2015-05-20 10:44:23 来源： AsiaOTT AsiaOTT
The first quarter earnings season is coming to a close, so now it's time to see how the nation's top wireless carriers stacked up against each other in terms of key metrics.
As you can see, T-Mobile was the only one of the big four carriers that added phone subscribers, while the other three all lost phone subscribers. T-Mobile's growth was slightly greater than the combined losses of the other three, in part because there is still a tiny bit of growth in the market.
Sprint, Verizon, and AT&T have had different responses to these trends, with both AT&T and Verizon suggesting they won't pursue subscribers who are motivated only by price, while Sprint is simply trying to stem losses wherever it can, including competing on price, while attempting to steal some subscribers back. Meanwhile, T-Mobile's message of improving network performance at a compelling price seems to be working well.
What's interesting, though, is that postpaid phones are a smaller and smaller source of growth over time. Both postpaid tablets and "Connected Devices" are driving far more growth for the carriers than postpaid phones are at this point:
That's not to say there's no growth for individual carriers in phones--T-Mobile is clearly finding growth there by stealing subscribers from competitors--but for the market overall, phones continue to grow only slowly at this point, while the real growth opportunities are elsewhere. To be sure, those new growth areas have far lower ARPUs than smartphones do, but tablets represent a useful additional revenue opportunity for carriers, and connected devices will likely end up being largest of all.
Tablets have been particularly good for Verizon, which has had its own Ellipsis tablet as a major driver of sales, and just this week AT&T announced its plans to start selling its AT&T-branded Trek tablet for similar reasons. AT&T continues to be the leader in Connected Devices, and its deals with various carmakers are a big driver of connected car subscribers in particular.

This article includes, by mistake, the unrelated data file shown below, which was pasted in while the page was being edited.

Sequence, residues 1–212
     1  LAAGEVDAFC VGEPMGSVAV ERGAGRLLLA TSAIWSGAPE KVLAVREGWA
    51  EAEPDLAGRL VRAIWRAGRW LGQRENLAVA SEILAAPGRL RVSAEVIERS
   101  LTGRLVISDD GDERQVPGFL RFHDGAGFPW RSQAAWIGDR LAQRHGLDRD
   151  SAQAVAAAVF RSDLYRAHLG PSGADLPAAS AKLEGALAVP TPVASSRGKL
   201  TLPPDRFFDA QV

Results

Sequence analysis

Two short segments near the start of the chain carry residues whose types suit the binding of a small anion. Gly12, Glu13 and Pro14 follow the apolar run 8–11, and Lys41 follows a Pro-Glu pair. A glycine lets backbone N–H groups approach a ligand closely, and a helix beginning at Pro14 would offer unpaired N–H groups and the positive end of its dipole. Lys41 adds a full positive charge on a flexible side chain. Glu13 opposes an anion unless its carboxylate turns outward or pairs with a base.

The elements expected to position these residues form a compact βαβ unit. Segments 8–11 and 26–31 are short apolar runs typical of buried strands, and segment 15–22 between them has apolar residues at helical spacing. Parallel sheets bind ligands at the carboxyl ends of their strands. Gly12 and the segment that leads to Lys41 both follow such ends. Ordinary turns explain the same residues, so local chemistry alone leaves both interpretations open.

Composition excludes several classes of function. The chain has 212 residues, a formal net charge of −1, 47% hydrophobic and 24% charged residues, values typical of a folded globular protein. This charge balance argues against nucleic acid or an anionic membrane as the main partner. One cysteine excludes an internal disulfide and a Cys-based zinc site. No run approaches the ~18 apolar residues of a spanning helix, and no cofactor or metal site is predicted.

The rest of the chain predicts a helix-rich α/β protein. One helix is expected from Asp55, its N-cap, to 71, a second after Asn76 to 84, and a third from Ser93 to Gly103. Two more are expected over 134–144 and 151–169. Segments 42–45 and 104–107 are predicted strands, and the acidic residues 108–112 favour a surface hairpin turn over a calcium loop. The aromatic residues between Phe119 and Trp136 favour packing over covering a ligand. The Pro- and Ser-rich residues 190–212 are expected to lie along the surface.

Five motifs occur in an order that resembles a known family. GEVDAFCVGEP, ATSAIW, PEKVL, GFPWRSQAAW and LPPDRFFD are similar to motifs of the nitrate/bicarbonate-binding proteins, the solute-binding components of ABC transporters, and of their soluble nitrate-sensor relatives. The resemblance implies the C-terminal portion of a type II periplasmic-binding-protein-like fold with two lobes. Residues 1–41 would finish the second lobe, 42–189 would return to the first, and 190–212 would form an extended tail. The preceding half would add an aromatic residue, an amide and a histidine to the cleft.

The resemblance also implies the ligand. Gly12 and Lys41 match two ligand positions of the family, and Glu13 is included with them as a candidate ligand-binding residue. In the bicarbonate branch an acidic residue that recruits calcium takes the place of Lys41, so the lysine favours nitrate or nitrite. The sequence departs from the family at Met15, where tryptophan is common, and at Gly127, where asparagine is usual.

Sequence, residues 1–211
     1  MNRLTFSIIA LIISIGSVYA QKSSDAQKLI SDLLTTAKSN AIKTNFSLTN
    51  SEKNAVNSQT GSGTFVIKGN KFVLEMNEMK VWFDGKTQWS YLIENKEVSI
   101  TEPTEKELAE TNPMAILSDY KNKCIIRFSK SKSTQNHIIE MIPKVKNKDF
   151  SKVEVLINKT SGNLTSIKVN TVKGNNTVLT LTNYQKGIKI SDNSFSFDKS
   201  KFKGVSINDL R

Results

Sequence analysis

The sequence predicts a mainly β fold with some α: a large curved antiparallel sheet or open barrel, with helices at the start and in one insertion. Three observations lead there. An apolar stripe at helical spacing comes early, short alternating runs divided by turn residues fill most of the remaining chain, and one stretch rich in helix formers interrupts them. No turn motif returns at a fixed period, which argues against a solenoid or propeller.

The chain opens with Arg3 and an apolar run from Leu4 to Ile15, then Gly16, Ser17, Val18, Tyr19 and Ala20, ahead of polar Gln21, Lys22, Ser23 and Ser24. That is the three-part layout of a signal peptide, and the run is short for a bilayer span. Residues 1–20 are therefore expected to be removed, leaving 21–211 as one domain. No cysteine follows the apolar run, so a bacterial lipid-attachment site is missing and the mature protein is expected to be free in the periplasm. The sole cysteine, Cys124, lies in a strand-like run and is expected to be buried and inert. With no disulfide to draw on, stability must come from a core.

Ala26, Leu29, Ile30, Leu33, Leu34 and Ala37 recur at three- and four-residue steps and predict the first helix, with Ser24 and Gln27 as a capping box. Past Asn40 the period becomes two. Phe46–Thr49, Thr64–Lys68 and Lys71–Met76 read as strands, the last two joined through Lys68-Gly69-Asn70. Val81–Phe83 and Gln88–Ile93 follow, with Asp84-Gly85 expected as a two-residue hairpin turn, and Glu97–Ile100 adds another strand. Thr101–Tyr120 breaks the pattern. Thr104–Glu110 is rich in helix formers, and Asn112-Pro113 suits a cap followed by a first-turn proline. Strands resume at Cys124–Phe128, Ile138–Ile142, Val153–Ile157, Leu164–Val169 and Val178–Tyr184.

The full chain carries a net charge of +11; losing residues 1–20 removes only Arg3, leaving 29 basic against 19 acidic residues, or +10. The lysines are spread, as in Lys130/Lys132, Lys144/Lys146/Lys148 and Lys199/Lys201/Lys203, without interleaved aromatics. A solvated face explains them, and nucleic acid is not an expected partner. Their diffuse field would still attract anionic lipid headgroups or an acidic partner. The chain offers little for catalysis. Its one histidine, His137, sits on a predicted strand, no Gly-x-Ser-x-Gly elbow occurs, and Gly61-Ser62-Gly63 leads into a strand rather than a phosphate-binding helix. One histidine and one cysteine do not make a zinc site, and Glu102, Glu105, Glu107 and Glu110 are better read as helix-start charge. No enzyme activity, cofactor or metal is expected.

上面的两根线已经惊人地相近，并且暗示了T-Mobile用户将极有可能在六个月后反超Sprint，但或许仍然是一个比较大的迈步，目前T-Mobile拥有足够多的预付费用户，而Sprint相比而言拥有的是更多后付费的用户。当然或许这些都并不算重要，双方均仍小规模落后于AT&T以及Verizon。相比之下，目前T-Mobile做得比较好的，是他们会在一些小规模的交易中补偿一些负面的影响，这一点尤其注重在营销策略上，而与之相对的是，Sprint已经很久没有在社交媒体以及其他渠道中进行营销的推动。 Those two lines are getting awfully close at this point, and it's very likely T-Mobile will finally cross the line about six months later than Legere predicted. But this is a largely symbolic move: T-Mobile is already the larger prepaid carrier, and Sprint is larger in postpaid. Does either metric actually matter? What really matters is that both are still massively sub-scale behind AT&T and Verizon. Until now T-Mobile has done a better job of offsetting some of the negative effects of its smaller scale, especially on the marketing front. Sprint has been less effective so far in leveraging social media and other channels to boost its marketing reach.
All the carriers have now finally fully embraced installment billing models for smartphones, even though Verizon was late to the party, and this model promises to take over the market pretty completely in the next year or two. However, Sprint has been unique in that it's offered not just classic installment billing in the same way as the other carriers, but also a leasing option over the last few months. What's interesting is just how popular this model has become among Sprint's subscribers:
As you can see, though EIP (equipment installment plans) were very popular when they first launched, they've dropped significantly as Sprint has introduced leasing across multiple high-end devices, and leasing now dominates the overall monthly-payment model at Sprint, from nothing in Q2 2014 and a very small number in Q3 2014. I wouldn't be surprised if we saw other carriers adopting the leasing model as a result.
当 iPhone 正在智能手机市场叱咤风云的时候，苹果已经有了新目标：自己当电信运营商。